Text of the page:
To raise money for cancer research, Andrew Walker and Jacob Adkins traded in their ice skates for rollerblades and hit the road. Walker and Adkins are hockey players at the University of Massachusetts Boston. They wanted to do something during the pandemic to help others, and came up with a way to raise money and awareness for the American Cancer Society: They would rollerblade from Boston to Mason, Michigan, a nearly 900-mile journey. Cancer has affected both of them personally, with Adkins’ mother in remission after being diagnosed with Hodgkin’s lymphoma and Walker’s grandfather dying of the disease. Adkins and Walker — who dubbed themselves the Men in Blades — completed their trek in 10 days, arriving in Mason late last month and raising $28,100. “This experience has humbled both of us and has made us just that much more grateful for the people around us and that much more loving,” Adkins told WHDH.
Wildlife officials in Uganda’s Bwindi Impenetrable National Park were thrilled last month when they discovered that two babies had been born to separate groups of gorillas. Both families are comfortable in the presence of humans, and the newborns are part of a “baby boom in the protected forest popular with tourists,” The Associated Press reports. Mountain gorillas were on the “critically endangered” list, but were moved to the less severe “endangered” list in 2018, thanks to conservation efforts. There are roughly 1,000 mountain gorillas living in Congo, Uganda, and Rwanda, the highest figure ever recorded, the International Union for the Conservation of Nature says. A beloved gorilla named Rafiki was killed inside Bwindi in June, and Bashir Hangi, a spokesman for Uganda Wildlife Authority, said the births are “a sign of relief.” [The Associated Press]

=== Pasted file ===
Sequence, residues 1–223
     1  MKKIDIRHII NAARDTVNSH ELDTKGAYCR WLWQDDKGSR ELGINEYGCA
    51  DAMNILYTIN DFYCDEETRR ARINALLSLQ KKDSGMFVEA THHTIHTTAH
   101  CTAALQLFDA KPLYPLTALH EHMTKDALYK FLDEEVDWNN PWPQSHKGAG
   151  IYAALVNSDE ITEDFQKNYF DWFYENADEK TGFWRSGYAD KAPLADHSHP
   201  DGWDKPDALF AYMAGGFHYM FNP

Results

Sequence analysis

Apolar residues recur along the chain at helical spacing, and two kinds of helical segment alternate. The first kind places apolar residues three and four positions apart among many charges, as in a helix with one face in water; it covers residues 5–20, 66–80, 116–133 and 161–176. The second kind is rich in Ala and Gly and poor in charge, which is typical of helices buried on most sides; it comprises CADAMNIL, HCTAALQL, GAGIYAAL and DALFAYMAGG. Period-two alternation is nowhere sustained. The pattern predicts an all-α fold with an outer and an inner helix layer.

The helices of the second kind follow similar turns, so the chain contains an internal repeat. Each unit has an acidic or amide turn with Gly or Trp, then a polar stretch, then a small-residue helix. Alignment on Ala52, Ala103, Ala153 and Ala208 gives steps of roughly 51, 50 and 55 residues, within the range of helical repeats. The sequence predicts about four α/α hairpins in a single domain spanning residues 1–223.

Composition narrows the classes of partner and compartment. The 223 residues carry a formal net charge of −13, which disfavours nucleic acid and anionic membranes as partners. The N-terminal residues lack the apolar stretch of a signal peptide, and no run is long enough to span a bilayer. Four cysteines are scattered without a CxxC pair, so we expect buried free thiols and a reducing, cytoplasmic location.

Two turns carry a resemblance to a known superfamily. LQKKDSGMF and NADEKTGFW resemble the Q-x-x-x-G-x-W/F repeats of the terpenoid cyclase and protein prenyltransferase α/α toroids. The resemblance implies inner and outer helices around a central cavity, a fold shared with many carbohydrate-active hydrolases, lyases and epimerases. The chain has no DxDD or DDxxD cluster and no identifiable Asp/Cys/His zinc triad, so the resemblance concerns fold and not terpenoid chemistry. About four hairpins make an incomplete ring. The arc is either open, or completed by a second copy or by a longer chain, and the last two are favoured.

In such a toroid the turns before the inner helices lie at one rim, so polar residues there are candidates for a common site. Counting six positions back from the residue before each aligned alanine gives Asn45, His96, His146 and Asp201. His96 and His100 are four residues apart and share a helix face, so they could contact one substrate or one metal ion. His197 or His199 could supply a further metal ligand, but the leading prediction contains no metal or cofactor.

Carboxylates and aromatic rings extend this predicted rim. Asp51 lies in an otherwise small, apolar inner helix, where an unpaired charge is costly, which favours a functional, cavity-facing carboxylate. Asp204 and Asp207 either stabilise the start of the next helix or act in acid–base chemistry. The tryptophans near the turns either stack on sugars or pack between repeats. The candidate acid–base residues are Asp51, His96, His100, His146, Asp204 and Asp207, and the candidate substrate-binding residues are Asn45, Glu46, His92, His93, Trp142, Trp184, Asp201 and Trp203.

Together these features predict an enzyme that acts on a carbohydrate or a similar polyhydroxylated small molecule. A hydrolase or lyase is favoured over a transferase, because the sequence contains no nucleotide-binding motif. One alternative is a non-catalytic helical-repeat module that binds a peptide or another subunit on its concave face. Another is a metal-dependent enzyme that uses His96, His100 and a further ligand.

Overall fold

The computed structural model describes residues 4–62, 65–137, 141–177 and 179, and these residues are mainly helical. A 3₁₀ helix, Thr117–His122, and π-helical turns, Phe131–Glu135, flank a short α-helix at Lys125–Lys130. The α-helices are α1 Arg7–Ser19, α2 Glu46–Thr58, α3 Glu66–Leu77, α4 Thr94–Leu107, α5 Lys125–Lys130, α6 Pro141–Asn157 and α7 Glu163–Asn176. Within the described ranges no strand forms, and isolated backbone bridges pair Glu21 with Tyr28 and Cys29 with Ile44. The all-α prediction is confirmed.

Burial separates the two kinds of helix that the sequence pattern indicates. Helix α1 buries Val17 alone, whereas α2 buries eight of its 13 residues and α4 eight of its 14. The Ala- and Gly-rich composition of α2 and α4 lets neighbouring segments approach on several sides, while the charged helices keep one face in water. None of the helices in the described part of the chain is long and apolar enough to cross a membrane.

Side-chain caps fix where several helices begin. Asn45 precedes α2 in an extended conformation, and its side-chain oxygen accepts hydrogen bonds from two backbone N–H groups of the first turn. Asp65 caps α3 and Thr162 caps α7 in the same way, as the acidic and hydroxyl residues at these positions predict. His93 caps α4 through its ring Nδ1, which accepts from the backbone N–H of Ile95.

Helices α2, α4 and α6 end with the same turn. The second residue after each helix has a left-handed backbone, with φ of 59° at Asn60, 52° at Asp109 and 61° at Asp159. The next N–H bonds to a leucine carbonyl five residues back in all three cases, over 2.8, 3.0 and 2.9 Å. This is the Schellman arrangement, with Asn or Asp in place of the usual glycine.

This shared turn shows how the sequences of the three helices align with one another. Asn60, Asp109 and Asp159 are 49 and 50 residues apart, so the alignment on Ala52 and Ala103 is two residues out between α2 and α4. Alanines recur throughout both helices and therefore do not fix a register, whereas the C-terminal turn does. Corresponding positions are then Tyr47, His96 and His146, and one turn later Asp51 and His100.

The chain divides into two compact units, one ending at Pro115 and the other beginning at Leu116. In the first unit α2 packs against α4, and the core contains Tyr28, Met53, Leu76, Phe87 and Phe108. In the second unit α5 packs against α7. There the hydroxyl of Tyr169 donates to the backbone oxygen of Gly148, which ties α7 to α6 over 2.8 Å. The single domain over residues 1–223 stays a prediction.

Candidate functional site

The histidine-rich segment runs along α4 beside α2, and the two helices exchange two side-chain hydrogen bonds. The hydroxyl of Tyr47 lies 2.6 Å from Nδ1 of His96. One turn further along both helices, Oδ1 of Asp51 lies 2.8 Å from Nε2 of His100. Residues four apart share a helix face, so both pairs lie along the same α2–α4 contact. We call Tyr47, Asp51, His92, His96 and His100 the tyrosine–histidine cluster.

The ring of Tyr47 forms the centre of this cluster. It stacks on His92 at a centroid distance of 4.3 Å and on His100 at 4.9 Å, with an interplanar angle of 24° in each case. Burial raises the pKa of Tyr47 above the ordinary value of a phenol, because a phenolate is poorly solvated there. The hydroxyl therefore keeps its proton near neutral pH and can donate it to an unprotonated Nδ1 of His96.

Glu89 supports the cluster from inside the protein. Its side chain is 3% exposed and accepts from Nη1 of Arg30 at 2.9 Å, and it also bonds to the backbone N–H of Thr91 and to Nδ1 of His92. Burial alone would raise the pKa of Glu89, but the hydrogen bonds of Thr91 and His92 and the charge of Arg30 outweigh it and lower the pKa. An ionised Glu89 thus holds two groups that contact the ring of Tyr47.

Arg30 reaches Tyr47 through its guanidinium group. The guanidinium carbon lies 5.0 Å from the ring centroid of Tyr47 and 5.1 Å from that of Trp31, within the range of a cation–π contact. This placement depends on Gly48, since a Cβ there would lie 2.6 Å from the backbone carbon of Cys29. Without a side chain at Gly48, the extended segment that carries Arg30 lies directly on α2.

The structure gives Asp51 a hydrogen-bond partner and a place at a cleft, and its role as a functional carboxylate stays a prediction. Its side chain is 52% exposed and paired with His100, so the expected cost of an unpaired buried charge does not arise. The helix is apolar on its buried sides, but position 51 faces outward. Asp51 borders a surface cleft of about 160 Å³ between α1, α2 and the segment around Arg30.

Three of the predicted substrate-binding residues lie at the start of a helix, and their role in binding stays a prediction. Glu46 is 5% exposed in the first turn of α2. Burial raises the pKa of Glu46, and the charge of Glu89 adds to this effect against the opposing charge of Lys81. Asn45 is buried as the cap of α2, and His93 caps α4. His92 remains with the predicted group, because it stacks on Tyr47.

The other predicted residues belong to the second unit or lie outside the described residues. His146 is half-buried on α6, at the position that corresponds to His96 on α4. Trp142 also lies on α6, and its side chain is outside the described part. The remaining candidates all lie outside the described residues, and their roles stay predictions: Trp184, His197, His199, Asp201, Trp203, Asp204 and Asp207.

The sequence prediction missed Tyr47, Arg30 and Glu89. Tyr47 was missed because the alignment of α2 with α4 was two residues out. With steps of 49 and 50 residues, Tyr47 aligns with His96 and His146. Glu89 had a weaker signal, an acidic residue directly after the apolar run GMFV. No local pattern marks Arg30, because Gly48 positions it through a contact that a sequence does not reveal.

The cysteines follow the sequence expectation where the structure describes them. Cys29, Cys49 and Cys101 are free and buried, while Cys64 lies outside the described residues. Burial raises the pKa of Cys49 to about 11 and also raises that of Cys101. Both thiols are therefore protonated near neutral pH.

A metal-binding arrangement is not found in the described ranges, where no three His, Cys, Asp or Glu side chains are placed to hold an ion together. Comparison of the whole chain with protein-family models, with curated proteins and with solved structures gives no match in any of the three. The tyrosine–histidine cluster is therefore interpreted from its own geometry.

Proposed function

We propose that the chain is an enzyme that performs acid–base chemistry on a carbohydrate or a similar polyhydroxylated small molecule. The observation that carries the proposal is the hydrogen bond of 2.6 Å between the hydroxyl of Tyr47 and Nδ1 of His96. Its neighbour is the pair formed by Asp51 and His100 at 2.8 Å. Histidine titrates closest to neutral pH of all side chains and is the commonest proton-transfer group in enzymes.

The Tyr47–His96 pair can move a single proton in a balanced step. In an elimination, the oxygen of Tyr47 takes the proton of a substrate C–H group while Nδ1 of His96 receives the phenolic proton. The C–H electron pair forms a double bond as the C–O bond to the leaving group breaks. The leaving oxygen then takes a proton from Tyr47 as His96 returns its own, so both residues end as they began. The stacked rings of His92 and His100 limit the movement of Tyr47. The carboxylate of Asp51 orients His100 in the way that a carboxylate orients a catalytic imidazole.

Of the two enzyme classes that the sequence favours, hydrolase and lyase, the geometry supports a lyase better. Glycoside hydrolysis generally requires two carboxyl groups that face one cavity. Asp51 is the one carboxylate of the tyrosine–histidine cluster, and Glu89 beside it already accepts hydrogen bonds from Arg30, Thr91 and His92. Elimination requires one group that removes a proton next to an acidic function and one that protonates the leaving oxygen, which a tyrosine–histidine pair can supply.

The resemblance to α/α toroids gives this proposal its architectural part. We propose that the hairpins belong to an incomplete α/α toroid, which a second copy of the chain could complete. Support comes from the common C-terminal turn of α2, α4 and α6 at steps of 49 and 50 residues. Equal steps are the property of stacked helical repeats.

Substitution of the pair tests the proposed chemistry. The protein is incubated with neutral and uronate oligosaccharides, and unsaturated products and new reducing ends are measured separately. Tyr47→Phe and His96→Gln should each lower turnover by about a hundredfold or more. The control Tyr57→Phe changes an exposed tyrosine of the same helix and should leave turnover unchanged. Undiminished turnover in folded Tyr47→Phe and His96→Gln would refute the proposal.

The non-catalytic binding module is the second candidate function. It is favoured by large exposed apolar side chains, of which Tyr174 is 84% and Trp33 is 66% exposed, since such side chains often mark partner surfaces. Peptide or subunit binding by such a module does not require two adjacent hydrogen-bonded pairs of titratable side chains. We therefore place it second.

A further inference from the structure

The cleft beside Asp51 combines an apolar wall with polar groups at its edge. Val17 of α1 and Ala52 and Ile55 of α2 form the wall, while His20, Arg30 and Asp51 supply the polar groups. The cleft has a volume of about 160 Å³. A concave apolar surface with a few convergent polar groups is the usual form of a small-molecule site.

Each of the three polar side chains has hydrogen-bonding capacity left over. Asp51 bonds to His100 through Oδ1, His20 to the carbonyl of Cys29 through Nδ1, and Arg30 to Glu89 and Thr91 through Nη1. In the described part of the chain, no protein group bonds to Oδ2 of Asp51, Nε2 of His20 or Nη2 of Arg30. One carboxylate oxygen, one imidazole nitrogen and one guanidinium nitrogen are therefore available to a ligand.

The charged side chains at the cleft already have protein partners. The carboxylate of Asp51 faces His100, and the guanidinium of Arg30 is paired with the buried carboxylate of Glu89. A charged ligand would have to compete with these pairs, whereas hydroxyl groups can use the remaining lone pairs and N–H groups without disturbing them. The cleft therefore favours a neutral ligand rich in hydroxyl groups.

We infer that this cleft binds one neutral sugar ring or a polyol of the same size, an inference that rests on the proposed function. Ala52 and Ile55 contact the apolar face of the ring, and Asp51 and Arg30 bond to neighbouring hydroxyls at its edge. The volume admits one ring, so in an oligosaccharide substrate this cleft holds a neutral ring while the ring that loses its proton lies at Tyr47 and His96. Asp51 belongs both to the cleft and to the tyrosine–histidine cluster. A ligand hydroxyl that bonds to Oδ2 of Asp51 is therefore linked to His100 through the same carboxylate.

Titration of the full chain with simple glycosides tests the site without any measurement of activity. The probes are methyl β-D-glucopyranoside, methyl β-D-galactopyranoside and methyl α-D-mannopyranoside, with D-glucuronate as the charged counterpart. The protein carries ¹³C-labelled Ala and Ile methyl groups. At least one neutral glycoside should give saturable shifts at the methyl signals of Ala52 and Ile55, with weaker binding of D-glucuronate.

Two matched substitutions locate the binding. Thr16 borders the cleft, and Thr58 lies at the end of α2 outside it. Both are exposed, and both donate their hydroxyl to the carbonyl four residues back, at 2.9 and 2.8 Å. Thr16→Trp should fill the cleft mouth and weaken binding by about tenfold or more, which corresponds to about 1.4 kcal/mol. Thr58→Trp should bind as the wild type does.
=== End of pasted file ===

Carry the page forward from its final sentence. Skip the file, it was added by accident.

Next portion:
The money Meena Kumar earns as a pet-sitter isn’t spent on new clothes or the latest electronics — all of it goes straight to the Muttville Senior Dog Rescue. The 14-year-old animal lover lives in San Jose, California, and first learned about Muttville five years ago. To support the organization, Kumar launched a pet-sitting business called Pet Fairy Services, and so far has donated $14,000. Kumar was born in India, and at nine months old, was found abandoned in a basket on a college campus. She spent the next year in an orphanage, before being adopted. Because of her past, Kumar said she can empathize with the dogs she helps. “It feels great to know that I’ve saved many dogs’ lives and given them another chance to enjoy life for their last years of living,” she told Today. “I feel like all dogs should get a forever home just like I did.” [Today]
At age 93, Giuseppe Paterno gave himself a pep talk, and it was the push he needed to go back to school. Paterno, a retired railway worker, lives in Palermo, Italy. Growing up, his family was poor, and he only received a basic education. An avid reader his entire life, he earned his high school degree at age 31, and in 2017, finally decided to enroll in college. “I said, ‘That’s it, now or never,'” Paterno told Reuters. He signed up for history and philosophy classes at the University of Palermo, using a typewriter for his assignments. Last week, the 96-year-old grandfather graduated first in his class with top honors, becoming Italy’s oldest ever university graduate. He may be finished with school, but Paterno’s not done learning, and plans on spending his days writing and revisiting “all the texts I didn’t have a chance to explore further.” [Reuters]
Thanks to some help from the Sugar Sisters, the Little Sistas will be able to serve up more of their dessert creations. Zyaire Hawkins, 11, and Charl’Les Hawkins, 9, came up with a recipe for ice cream cones filled with cheesecake, and in June, the sisters from Highlands Ranch, Colorado, started their own business, Little Sistas Treats. Their mom, Marietta Hawkins, went to the Sugar Sisters Bakery in Castle Rock to pick up a cake, and told owners Molly Witt and Rebekah Lydon about her daughters. She asked if she could bring the girls in one day to get some tips and see what their business might turn into, and when they came to visit, they were shocked to learn that Witt and Lydon were giving them a gift of $1,015 to get Little Sistas Treats off the ground. “The Little Sistas and the Sugar Sisters,” Lydon said. “It was just meant to be.” [KMGH]